Curvenote Docs

Reusing Blocks

When a notebook is added to Curvenote, each of the cells are considered blocks and have a unique oxa link. These links correspond to a specific version number of the block and allow you to reuse your content throughout Curvenote. All copies of a block are linked so you can easily view, edit, and access all previous versions of the block from any copy. Reusing Jupyter cells is a convenient and simple way to integrate your static or interactive code outputs directly into your writing, use prewritten code as a template for new projects, and more!

#Import a Block/Cell

Blocks can be copied and pasted/imported on both Curvenote and Jupyter using the Curvenote Jupyter extension. Only saved versions of blocks can be imported; unsaved drafts and changes are not included when you copy a link.

#Curvenote Jupyter Extension

To copy a link to the current saved version of a cell:

  • Open the \mathbf{\vdots} Curvenote Options menu for the cell.
    • Select Copy Link.
  • A black box will appear in the bottom left of your screen saying your link is copied.

To copy a link to a specific version of cell:

  • Select a cell.
  • Access the Selected Cell section of the Curvenote Jupyter Extension Panel.
  • Open the version \mathbf{\vdots} Options menu.
    • Select Copy Link
  • A black box will appear in the bottom left of your screen saying your link is copied.

To import a cell:

  • Add a new cell with Jupyter where you want to import the cell.
    • This cell cannot be already linked to Curvenote!
    • Any content in the cell will be overwritten upon import.
  • Access the Selected Cell section of the Curvenote Jupyter Extension Panel.
  • Paste the oxa link into the Import Cell section.
    • Click IMPORT CELL.

#Curvenote

To copy a link to the current saved version of a block you can either use keyboard shortcuts or the Curvenote menus. You can also copy a link to a specific version of a cell using the Block Details Panel.

To copy a link via keyboard shortcuts:

  • Select a block.
    • When your block is in Draft Mode you will need to either click on the block selection tab or hit ESC until you have selected the block, not the content within it.
    • Selecting a block will slightly darken the blue of the block selection tab.
  • Use the appropriate copy keyboard shortcut: CTRL-C, ⌘-C

To copy a link via the Curvenote menus:

  • Open the \mathbf{\vdots} Options menu for the block.
    • Select Copy Link.

To copy a link to a specific version of cell:

  • Select a block.
  • Expand the Block Details Panel.
  • Open the version \mathbf{\vdots} Options menu.
    • Select Copy Link.

When you have copied the link a black box will appear in the bottom left of your screen saying your link is copied!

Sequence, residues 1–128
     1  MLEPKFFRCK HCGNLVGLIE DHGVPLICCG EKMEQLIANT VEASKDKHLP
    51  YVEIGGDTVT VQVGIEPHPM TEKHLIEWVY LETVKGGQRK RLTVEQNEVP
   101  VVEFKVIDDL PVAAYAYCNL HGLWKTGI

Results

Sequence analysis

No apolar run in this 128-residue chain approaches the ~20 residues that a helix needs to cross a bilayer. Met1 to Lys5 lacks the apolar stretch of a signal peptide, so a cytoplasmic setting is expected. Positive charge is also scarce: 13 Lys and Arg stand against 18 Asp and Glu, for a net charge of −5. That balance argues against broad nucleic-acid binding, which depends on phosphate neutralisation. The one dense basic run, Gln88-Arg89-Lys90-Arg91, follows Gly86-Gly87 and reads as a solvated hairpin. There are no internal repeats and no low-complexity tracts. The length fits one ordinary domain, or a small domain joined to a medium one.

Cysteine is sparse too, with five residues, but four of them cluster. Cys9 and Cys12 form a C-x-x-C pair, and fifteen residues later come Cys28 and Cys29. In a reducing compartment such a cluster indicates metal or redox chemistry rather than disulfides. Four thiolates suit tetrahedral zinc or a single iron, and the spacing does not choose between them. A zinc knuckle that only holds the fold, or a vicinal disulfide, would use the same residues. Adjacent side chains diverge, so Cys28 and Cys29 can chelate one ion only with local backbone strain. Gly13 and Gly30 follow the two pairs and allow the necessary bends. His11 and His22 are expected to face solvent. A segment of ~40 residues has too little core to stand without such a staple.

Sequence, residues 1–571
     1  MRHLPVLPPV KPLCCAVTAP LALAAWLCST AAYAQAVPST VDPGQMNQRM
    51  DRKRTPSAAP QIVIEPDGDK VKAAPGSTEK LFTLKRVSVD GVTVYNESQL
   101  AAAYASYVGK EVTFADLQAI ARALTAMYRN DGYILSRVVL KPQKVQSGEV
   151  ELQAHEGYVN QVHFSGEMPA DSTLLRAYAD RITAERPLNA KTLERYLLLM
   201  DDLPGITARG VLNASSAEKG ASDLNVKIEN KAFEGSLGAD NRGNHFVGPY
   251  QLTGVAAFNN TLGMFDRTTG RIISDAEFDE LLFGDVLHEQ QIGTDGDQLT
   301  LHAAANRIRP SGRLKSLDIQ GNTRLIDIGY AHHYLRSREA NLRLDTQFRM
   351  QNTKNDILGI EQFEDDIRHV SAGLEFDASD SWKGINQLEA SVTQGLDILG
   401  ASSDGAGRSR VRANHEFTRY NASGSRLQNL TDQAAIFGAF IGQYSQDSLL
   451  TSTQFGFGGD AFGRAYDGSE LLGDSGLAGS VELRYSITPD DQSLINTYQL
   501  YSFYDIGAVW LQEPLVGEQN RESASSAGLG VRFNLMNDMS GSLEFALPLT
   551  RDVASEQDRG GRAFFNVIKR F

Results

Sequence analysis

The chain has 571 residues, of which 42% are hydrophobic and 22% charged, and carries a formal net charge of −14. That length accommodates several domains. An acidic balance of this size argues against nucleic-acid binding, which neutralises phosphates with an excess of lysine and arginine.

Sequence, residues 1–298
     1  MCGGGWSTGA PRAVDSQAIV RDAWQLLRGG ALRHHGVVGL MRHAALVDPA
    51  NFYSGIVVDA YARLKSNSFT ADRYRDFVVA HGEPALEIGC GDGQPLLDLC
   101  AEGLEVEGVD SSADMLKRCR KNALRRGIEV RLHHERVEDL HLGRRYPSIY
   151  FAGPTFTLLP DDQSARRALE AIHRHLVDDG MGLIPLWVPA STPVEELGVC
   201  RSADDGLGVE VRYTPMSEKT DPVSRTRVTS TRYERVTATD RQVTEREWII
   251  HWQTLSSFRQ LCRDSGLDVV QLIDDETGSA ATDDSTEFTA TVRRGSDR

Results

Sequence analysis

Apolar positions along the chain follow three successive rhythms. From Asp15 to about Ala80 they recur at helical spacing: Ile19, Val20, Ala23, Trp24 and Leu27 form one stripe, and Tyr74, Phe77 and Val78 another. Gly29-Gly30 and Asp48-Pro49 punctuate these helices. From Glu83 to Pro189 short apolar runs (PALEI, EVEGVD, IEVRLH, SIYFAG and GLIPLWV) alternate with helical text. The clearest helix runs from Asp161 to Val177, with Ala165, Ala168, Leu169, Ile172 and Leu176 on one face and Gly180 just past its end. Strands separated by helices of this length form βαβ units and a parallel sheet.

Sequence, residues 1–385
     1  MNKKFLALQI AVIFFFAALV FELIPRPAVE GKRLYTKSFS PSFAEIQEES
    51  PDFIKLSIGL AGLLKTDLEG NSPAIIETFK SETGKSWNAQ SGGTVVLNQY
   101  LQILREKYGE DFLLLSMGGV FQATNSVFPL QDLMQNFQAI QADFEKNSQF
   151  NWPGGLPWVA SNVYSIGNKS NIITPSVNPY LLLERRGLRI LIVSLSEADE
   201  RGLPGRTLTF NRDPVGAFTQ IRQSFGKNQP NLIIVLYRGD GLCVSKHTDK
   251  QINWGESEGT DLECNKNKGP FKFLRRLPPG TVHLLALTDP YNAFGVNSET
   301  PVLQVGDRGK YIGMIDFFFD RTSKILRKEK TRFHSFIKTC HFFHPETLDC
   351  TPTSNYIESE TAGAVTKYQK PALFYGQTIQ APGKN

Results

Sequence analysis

To import a block you must be in Draft Mode (if not, click EDIT in the app bar at the top of the page). Blocks can also be imported using either the paste keyboard shortcut or the Curvenote menus.

To import a block via keyboard shortcuts:

  • Select the block above where you want to import your block.
    • When your block is in Draft Mode you will need to either click on the block selection tab or hit ESC until you have selected the block, not the content within it.
    • Selecting a block will slightly darken the blue of the block selection tab.
  • Use the appropriate paste keyboard shortcut: CTRL-V, ⌘-V

To import a block via the Curvenote menus:

  • Select the block you want to add a block above or below.
  • Open the \mathbf{\vdots} More Options menu to the right of the ➕ corresponding to the location you want to import the block.
    • Select Import Block.
  • Paste the oxa link in the pop-up window.
    • Click INSERT BLOCK

#Interactive Outputs

Most interactive output cells from Jupyter will remain interactive when viewed on Curvenote. Plots and displays created using libraries and packages such as Altair, Bokeh, Bokeh-Holoviews, Bokeh-Panel, Leaflet, Matplotlib, Pandas, Plotly, Seaborn maintain a local state and therefore you can continue to interact with them outside of Jupyter. Curvenote cannot currently run code cells, thus features such as ipywidgets are not interactive on Curvenote.

Learn more and explore examples of interactive plotting on Curvenote ➡️ Example Notebooks

#Reuse Code as a Template

Often you may want to reuse or start from code you or someone else has already written. Curvenote makes this process easy!

  • To reuse content you have already written that is saved on Curvenote:
    • Simply import the cells you want to use following the instructions above. The cells are linked to communicate changes across all copies.
  • To use content you or someone else has written as a template for a new notebook, and remove the communication of changes between cells:
    • You will need to import and unlink the cell. Unlinking the imported cell from the original copy, will leave the current content within the cell but remove the previous versions. Versioning will restart when you save your notebook. Learn more Unlinking Notebooks
  • To use content someone else has written that is not saved on Curvenote: